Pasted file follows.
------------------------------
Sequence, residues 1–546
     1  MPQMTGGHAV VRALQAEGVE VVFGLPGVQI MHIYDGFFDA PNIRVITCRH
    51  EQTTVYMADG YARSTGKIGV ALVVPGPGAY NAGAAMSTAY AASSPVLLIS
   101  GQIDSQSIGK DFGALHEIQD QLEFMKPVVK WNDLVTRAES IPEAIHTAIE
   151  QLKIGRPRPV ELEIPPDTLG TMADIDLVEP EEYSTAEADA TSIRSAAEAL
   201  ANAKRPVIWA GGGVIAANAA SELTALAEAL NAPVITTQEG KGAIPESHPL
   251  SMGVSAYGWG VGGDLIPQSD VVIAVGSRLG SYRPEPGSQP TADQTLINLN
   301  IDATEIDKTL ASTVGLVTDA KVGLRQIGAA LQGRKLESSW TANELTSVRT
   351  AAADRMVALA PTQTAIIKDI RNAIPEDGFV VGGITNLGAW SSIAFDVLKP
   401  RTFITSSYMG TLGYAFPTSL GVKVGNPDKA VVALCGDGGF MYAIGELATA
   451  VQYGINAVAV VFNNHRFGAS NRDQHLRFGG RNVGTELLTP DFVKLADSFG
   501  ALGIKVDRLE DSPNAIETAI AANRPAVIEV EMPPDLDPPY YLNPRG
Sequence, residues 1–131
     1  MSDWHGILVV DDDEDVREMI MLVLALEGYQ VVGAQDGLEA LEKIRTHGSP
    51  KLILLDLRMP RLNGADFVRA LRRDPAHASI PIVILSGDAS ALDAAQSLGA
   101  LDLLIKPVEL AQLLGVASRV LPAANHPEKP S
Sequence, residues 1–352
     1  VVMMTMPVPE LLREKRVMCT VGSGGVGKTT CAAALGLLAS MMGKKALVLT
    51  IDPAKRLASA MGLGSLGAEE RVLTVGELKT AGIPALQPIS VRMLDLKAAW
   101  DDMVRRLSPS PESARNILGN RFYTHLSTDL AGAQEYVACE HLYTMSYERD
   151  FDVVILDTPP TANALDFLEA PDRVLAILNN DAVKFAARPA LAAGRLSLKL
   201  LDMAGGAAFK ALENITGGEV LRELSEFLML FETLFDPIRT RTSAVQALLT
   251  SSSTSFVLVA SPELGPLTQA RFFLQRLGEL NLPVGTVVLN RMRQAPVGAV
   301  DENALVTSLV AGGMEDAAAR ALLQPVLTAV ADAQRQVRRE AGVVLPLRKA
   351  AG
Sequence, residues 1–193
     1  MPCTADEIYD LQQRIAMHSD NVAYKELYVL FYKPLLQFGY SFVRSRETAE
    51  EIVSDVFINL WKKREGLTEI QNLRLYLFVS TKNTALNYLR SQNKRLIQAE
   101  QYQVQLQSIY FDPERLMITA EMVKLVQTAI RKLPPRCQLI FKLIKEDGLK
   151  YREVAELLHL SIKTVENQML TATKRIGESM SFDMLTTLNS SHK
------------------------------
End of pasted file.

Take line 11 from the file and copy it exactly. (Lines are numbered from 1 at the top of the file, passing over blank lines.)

   451  VQYGINAVAV VFNNHRFGAS NRDQHLRFGG RNVGTELLTP DFVKLADSFG